Despite these complex challenges, the report makes the case that solutions to these challenges are within reach, if only countries act proactively beginning today. Through mobilizing the entirety of its society and partnering with the African continent and the wider international community, Zimbabwe has the wherewithal to overcome the challenges and pursue its ambition of being an upper middle income country by 2030.

The 2022 Human Development Report calls on countries around the globe to formulate and implement policies that focus on the three I’s – Investments, Insurance, and Innovation.

First, ramping up investments in renewable energy such as hydroelectricity, wind and solar can improve access to electricity and create green, sustainable and robust jobs while investments in preparedness for pandemics and natural hazards can yield huge development dividends.

Second, increasing the depth and coverage of social protection can tackle the increasing sense of human insecurity. As the socio-economic stimulus adopted during the peak of COVID-19 has taught us, cash transfers to the most vulnerable members of society can help them cope during the most difficult times. Beyond social protection, increased attention to the provision of basic services and the promotion and protection of human rights, inclusive of economic, social and cultural rights, will contribute significantly to human security.

Third, innovation is critical to the future well-being of society and to driving economic growth. Innovation in all areas, be that technological, biological science or engineering, should be at the centre of efforts to conquer these complex and multi-layered challenges. Already artificial intelligence is helping in modelling climate change impacts and predicting disasters and thus conditioning our response in very profound ways. Harnessing the power of information technology towards positive development and fostering social cohesion in society will contribute to nation building. Beyond technological innovation, working with civil society and other partners to ensure no one is left behind and harnessing the power of the private sector for development financing are equally important. Much more could be done with increased investments in, and support for, innovation – while also addressing the asymmetry in innovation between the developed and developing world through technology and knowledge transfers.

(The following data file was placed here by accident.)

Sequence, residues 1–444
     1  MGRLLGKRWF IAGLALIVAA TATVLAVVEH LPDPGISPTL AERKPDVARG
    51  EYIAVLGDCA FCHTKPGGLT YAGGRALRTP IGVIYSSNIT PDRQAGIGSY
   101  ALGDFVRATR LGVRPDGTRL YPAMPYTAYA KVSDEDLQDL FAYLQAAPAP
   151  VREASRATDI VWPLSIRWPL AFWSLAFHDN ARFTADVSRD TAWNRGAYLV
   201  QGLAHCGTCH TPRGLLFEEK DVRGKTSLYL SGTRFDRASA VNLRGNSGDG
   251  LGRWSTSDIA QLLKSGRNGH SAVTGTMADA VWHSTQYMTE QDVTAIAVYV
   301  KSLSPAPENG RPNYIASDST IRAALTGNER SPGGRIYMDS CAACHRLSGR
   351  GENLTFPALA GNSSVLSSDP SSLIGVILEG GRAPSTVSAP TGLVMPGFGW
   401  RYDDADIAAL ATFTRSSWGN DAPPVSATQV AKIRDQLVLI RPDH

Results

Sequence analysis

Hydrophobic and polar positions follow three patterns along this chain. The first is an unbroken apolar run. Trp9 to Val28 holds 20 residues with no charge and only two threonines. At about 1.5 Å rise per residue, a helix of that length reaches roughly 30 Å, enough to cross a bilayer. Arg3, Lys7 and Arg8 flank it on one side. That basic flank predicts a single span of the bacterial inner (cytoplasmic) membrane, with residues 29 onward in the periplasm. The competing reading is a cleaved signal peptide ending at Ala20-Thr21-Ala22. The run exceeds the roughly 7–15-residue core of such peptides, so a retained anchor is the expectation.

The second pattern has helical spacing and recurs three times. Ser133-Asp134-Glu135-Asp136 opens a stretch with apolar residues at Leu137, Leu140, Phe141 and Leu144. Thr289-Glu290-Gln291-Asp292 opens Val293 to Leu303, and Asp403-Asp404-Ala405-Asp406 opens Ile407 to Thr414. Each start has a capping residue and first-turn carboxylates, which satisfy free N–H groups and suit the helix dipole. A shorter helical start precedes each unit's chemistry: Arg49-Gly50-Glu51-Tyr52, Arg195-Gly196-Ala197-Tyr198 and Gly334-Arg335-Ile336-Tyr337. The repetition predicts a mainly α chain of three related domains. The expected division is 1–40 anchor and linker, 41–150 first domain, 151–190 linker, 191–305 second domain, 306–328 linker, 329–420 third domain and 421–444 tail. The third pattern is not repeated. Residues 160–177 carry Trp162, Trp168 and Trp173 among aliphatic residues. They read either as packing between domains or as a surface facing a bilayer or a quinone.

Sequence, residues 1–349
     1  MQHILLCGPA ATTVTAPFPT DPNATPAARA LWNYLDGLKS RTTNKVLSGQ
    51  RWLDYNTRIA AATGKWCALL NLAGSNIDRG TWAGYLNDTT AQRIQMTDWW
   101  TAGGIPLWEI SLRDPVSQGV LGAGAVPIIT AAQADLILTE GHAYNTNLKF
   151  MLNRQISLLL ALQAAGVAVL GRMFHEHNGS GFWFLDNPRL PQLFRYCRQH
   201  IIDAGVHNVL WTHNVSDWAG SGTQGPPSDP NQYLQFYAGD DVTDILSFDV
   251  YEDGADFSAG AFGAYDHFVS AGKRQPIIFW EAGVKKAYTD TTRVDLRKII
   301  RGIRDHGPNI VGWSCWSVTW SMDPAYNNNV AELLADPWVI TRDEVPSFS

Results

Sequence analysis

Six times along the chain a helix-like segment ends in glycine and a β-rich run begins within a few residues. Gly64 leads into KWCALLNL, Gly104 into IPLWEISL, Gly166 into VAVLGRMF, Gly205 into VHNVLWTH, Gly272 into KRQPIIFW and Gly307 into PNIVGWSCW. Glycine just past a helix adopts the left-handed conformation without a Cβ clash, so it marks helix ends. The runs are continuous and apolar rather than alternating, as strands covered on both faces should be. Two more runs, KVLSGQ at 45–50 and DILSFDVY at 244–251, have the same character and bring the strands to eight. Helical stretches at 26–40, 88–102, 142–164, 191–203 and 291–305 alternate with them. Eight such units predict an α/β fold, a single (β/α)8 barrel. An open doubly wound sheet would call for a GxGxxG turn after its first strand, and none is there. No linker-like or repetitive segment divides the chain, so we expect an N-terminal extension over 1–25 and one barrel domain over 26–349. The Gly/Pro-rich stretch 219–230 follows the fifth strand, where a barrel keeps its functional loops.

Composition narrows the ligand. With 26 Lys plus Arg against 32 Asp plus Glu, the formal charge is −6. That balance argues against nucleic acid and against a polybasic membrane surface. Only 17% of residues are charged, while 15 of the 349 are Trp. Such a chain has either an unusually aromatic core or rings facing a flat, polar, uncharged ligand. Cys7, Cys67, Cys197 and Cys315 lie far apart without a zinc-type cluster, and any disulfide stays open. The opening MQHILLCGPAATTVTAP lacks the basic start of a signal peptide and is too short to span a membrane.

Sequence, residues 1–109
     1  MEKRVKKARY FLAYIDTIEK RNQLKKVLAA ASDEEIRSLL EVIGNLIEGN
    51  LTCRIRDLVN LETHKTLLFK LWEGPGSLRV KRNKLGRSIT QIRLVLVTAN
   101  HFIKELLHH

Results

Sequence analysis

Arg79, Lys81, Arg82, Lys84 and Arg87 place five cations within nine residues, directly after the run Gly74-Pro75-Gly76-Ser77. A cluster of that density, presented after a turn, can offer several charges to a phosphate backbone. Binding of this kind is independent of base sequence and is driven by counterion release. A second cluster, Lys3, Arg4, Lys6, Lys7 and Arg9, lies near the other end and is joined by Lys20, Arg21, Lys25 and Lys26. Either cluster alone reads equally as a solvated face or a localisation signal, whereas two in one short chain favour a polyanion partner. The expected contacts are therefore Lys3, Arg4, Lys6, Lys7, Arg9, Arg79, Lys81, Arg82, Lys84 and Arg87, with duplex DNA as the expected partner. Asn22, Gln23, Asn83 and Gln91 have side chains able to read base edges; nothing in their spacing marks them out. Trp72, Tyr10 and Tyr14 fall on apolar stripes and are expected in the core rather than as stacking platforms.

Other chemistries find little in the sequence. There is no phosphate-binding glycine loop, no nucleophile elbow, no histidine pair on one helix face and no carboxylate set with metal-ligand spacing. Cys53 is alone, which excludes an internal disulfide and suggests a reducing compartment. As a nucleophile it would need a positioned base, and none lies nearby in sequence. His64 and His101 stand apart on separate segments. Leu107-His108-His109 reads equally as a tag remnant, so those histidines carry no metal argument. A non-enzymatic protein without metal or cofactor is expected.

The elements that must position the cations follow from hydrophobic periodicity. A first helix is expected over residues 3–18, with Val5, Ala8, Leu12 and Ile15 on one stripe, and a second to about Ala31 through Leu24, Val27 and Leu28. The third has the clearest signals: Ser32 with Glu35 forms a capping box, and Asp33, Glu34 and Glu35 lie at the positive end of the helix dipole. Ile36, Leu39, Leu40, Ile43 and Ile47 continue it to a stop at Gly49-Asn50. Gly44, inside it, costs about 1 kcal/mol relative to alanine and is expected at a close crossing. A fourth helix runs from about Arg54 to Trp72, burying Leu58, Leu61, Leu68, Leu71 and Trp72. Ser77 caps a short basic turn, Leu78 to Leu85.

We can unlock our human potential and begin to reimagine our future in a world that is fast changing. Rapidly changing demographic, societal, economic and technological trends are shaping our future. Citizens’ needs and demands are also evolving and as such, governments need to be more agile and innovative to keep pace with a changing world filled with uncertainty. We can no longer use the old textbook to define our common path into a sustainable future. The 2021-2022 Human Development Report sounds the alarm bell and calls for urgent action to usher in a new era. It is time to fashion a roadmap that is inclusive of different ideas and solutions and respects the rights of all.  

Let’s roll up our sleeves for our common good on our shared planet with the urgency and commitment it deserves. UNDP, as a global thought leader which has time and again demonstrated that societal growth can only be measured through comprehensive human development, remains committed to work with the Government and the people of Zimbabwe to ensure a sustainable future for all.